Key findings

Data sources and systems

  • A total of 56 data sources and 40 data systems measuring people’s vulnerability and resilience were identified for the period from 2013 to 2023.
  • Most of Uganda’s official data sources and systems are quantitative, while more than half of non-official data sources/systems are qualitative.
  • The majority (58%) of the identified data sources/systems are “one-offs” which enable a single snapshot limited to a restricted period.
  • Less than one-third (23) of the identified sources/systems produce widely accessible data that is disaggregated below the district level.
  • The majority (70%) of the identified data sources/systems are non-official and are focused on small geographic areas (for example, on one or perhaps two sub-counties).
  • Data disaggregation is still a challenge − about half (47) of the identified data sources/systems had data disaggregated by gender; 37 had data disaggregated by age; and only 23 produce data that is disaggregated by disability type.
  • Uganda’s Data Protection and Privacy Act (2019) makes provisions for how sensitive data should be handled properly. Stakeholders involved in any step of a data lifecycle when the subjects are vulnerable individuals and/or groups need to be trained in how to apply its principles.
  • Data access is still a general problem in Uganda. Many of the actors that we spoke to said that the biggest problem is the inability to access microdata.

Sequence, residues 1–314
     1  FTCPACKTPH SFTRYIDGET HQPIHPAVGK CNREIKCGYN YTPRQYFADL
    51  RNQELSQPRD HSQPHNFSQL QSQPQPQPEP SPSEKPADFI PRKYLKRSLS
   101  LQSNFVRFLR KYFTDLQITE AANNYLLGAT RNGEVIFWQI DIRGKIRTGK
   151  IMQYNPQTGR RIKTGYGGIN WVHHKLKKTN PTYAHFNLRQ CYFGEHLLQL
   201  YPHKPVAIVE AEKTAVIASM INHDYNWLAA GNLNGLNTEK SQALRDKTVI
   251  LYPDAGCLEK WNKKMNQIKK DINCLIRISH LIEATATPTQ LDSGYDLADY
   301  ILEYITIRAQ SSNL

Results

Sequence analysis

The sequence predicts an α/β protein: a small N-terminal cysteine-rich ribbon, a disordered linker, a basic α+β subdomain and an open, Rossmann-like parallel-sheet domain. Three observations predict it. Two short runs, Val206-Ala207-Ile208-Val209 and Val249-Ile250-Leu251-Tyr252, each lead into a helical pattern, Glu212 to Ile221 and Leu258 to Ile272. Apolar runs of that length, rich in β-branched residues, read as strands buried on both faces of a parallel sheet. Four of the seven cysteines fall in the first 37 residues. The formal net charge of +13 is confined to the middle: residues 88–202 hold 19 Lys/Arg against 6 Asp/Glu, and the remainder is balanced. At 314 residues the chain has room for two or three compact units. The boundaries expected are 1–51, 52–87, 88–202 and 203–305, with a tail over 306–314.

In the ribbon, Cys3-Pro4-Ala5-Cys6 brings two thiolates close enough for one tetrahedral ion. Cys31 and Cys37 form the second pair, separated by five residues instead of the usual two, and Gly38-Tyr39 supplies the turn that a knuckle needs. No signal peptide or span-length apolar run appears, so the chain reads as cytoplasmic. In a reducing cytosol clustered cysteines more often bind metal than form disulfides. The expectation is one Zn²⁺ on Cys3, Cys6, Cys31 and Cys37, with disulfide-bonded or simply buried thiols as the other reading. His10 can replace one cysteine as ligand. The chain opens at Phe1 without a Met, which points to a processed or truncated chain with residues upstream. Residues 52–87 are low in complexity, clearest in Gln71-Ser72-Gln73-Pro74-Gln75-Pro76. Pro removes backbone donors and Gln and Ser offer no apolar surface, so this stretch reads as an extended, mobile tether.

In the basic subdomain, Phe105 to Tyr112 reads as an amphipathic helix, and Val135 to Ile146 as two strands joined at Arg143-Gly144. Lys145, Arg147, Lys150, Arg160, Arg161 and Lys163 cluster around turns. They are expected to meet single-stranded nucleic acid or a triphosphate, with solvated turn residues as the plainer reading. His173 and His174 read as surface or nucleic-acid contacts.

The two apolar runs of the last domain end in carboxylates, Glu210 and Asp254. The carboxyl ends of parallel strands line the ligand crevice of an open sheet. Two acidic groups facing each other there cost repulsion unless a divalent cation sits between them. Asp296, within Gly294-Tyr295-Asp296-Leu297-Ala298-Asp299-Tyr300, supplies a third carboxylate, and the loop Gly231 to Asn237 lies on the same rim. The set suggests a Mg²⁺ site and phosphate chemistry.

Key systems case studies

‘Key systems’ here refers to the National Single Registry (NSR), national IDs and civil registration and vital statistics.

  • Effective stakeholder coordination is a key element in the production, sharing and use of data on vulnerability and resilience. The NSR is an important intervention that resulted from policy being enacted and well-coordinated stakeholder cooperation. However, the system in its current form cannot help the government to better target beneficiaries of social protection programmes. Challenges remain in how to keep the data up to date and how to build capacities in local governments.
  • Uganda now uses the national ID system as the sole tool for enrolment of beneficiaries into social protection programmes. However, some major problems persist with the use of national IDs in social protection programmes. For example, around 43,000 national ID cards have the wrong data on them, which government officials we spoke to believe is the “biggest problem”.
  • Uganda has embraced the use of vital statistics, however, these cannot be used to monitor real-time changes, or to guide stakeholders’ responses to unfolding situations. This is because vital statistics are not produced using data from the civil registration system. Only 32% of births and 23% of deaths are registered in Uganda, and there are some data gaps in the information collected by the National Identification and Registration Authority (NIRA) (such as place of birth and mothers’ details). Interviewees explained that death registration is the biggest problem, claiming that in some cases there are actually incentives not to register deaths.

Data use

  • There is a culture of limited data use in Uganda especially among those institutions and individuals working to reduce people’s vulnerability and increase their resilience. Of these, there are generally two categories: